We need to listen to numbers and data but not be ruled by them, we need to offer points of view as retailers, stylists and editors, even bloggers - but we should be humble enough to know not dictate to a consumer. I think we all need a balanced approach to life, work, and disciplines. Retail can be disruptive at its best, but never without loosing sight of what people want. This is what makes for good retail. It's what brought about brilliant pop up stores and concept stores around the world. I hope it will bring about more eco-conscious ways of shopping and designing in the future.
D: What is your favourite part of your job?
B: I adore styling real women or men, and creating a store, an environment or visual language that relates to their lives. I enjoy also delving deeply into the worlds of the designers whose creative approaches never fail to inspire and delight me. If it's their story telling or if it's their attention to detail. I am constantly inspired by them.
D: Who or what inspires you?
B: Genuine creativity inspires me. Whether it's from a stylist or editor such as Franca Sozanni whose untimely death leaves us all awed and inspired by her guts and creativity, or perhaps it's a young or forgotten artist or designer who just thinks out of the box.
My deepest inspiration has always been my mother who was able to exceptionally mix and match from different cultures and eras of fashion so effortlessly. I think ultimately she left me with a deep sense that nothing was off bounds for me, that I could wear anything, be anyone I wanted, and freedom from not being in a clique or a fashion set was more interesting than being bound by their codes. She also gave me a sense there was and is more in common with our ideas than differences, so she would encourage me to connect the recycling of car tires in Nairobi with the sculptures displayed in the louvre. The idea that one culture is alien from another simply didn't influence me.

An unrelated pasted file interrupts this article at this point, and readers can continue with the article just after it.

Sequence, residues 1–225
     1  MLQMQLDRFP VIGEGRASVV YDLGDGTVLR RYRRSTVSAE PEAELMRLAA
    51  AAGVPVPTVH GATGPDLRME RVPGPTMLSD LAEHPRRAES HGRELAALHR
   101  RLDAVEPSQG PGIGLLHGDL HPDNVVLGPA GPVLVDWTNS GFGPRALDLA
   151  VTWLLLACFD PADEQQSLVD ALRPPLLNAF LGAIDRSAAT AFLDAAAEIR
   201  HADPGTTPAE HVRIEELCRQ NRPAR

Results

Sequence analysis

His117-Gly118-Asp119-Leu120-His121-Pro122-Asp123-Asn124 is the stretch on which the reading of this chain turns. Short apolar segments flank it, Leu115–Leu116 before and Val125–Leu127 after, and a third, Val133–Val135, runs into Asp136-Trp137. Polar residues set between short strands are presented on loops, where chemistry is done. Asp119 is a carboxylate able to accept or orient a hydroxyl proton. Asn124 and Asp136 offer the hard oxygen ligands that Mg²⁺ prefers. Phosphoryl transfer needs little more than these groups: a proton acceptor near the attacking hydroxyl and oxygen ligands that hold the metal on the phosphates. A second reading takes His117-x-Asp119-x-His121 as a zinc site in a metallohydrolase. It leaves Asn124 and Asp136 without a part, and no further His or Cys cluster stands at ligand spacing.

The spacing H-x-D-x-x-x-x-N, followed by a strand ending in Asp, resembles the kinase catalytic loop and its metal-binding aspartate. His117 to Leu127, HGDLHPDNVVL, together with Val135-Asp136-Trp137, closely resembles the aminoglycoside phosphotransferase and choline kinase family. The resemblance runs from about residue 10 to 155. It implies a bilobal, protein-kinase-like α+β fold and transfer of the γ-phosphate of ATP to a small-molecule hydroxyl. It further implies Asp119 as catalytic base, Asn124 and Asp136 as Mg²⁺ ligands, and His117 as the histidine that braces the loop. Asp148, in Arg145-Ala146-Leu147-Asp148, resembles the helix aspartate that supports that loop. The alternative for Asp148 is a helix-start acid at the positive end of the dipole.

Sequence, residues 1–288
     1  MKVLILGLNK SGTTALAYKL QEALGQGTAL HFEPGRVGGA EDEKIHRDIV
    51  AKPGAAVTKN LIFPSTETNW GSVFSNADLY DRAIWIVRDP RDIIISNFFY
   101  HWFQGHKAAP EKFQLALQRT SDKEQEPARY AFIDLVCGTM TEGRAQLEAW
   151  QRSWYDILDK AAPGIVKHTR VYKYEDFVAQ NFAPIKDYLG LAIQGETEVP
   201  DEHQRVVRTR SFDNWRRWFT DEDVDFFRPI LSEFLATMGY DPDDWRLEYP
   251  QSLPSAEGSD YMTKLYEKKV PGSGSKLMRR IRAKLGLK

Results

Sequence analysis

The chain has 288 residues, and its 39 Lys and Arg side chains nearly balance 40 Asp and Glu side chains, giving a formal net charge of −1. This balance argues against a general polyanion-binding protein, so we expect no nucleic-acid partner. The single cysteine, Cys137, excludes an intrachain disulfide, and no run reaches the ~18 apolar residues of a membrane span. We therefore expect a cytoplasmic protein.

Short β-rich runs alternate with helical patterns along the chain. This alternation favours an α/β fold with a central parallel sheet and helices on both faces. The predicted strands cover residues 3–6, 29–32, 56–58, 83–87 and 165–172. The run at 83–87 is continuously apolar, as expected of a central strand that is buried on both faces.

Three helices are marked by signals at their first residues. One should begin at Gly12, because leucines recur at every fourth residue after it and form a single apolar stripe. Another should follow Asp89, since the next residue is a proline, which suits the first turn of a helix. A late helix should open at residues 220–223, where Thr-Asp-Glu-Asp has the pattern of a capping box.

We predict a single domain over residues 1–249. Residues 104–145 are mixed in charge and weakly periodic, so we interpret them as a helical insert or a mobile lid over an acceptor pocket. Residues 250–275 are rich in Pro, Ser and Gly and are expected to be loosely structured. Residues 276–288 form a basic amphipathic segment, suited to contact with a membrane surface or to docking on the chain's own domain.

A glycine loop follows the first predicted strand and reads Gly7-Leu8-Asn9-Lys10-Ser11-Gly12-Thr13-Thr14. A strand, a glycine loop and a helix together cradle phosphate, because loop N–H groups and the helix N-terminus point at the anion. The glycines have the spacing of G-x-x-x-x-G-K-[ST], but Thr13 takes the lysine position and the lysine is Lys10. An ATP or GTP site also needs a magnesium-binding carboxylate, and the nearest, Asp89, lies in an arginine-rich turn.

D: Describe your own personal style.
B: I have colours (such as navy and white) and ideas or categories (like shirts or baggy jeans) that I have always always loved but I am now 38 and I've grown in and out of so many things. The freedom to change is more important than fixing an identity in fashion. However, my main influence is nineties style. I love menswear and androgyny, I think the most interesting and tricky style trick is being sexy in an intelligent way. I love avant garde fashion but it ceases to be interesting to me when it denies the person within. My style is me wearing the clothes in that moment, I hope not the other way around.
D: Tell me something surprising about yourself.
B: Two things: I collect playing cards (and have 38 packs now). Also, I learnt how to speed read when I was 17 so I can devour novels and books.
Bev is wearing
Image 1 - Dodo Bar Or dress. Book Patti Smith M Train, Candles Cire Trudon (Sacre Santi and Ottoman)
Image 2 & 5 - Saint Laurent suit with Gianvito Rossi shoes. On the table sit books, Sketchbooks by Derek Jarman, Linder by Linder Sterling, Gucci floral notebook and the Guide to Spiritual Management by Guram Gavsalia (founder of Vetements).
Image 3 - Joseph dress with Gucci shoes
Image 4 - Levi's shirt with Frame jeans
Image 6 - The Row dress with Celine shoes